To view the full presentation please visit: http://www.theorsociety.com/Pages/Probono/latestnews.aspx
Below is a full write up from the event (by Nigel Cummings)
OR and Oxfam
(The OR Society: Joint Third Sector SIG, SORG and CORMSIS Event)
A recent presentation given by Tom Cherrett, Associate Professor, Logistics and Transport Planning, Southampton University, illustrated the application of remote monitoring technology and optimisation techniques to collect donations more efficiently.
Many shops around the country have “food banks” where shoppers can deposit unwanted non-perishable items possibly bought in a BOGOF deal. Charity shops also often receive items that they cannot sell but are perhaps too good to throw away. Oxfam recognised that collecting these items accounts for something like 20% of their income and thought O.R. might be able to make significant reductions in this.
While the main focus of Tom’s presentation concerned work done for Oxfam, he also had the time to detail some of the processes involved in achieving logistics efficiencies in other organisations. Primarily his talk concerned the implementation of remote sensor technology in donation banks to help organisations like Oxfam more efficiently judge “fill levels” and allocate appropriate times for donation bank collections.
Using the fill levels reported daily and derived collection strategies using tabu search methods Tom Cherrett’s team had achieved considerable efficiencies and overcome many obstacles associated with donation bank management. One of the problems they had to address was neatly illustrated by a slide which showed a small child being used by donation thieves to enter donation banks and remove contents (Fagin would have been proud!).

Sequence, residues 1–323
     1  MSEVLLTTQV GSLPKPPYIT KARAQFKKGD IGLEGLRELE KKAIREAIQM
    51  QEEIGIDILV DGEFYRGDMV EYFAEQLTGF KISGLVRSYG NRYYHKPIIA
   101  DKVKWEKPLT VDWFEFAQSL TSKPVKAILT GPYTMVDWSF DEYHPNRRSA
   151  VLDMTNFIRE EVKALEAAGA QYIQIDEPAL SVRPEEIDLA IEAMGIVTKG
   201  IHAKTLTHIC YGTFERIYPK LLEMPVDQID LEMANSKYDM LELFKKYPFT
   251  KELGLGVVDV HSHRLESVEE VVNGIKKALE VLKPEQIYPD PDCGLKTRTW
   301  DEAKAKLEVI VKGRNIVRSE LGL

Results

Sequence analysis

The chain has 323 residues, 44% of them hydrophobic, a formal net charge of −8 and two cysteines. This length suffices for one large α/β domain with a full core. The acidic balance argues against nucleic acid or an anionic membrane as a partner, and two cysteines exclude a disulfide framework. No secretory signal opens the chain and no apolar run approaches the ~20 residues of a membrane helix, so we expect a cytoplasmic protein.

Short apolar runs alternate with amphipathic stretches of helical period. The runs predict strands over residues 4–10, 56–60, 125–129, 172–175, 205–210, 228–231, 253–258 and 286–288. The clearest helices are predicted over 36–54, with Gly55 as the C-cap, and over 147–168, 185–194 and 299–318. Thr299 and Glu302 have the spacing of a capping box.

Such despicable acts were all too common, and it was a goal of this research to find ways of reducing this type of pilfering. The work undertaken had involved equipping Oxfam banks with infra-red sensors that measured how full the banks were, reporting the data twice daily, and using it to schedule collections more efficiently whilst reducing thieving.
O.R. methods were employed to help provide indicators as to the most appropriate times to make collections. The proposed routes output by the algorithm used for each day of operation were then adjusted by Oxfam's transport manager to take into account issues such as round balancing, vehicle access restrictions, staff availability and other constraints.
A trial was run 2013 with the results showing a relatively modest time and distance savings (~3%) initially, these being limited by Oxfam's fixed shop servicing constraints. It was estimated that savings of up to 25% could be made by easing these restrictions. These savings were based on a set of rules that only allowed banks to become eligible for servicing once they had reached a specific fill level.
The fill/collection problem was made more complex by the need for the collection vans to visit Oxfam shops on a fixed schedule basis to remove unsold textiles too. Following live and simulated trials, the results suggested that time and distance savings of up to 30% over the current fixed schedules could be achieved when a minimum bank and shop fill level of between 50% and 60% was used as a collection trigger.
Some of the outcomes from the project are now being developed commercially in the form of a mobile phone app, to allow area managers, shop managers and drivers to communicate and manage collection scheduling in a more dynamic way. Other benefits included greater flexibility for transport managers working at Oxfam, to schedule ad hoc work and offer shops additional collections. The Oxfam drivers benefited too as the efficiencies achieved in logistics and better division of labour meant that sometimes it was possible to finish work an hour early.
The work with Oxfam is ongoing, and it is expected that further efficiencies will be achieved.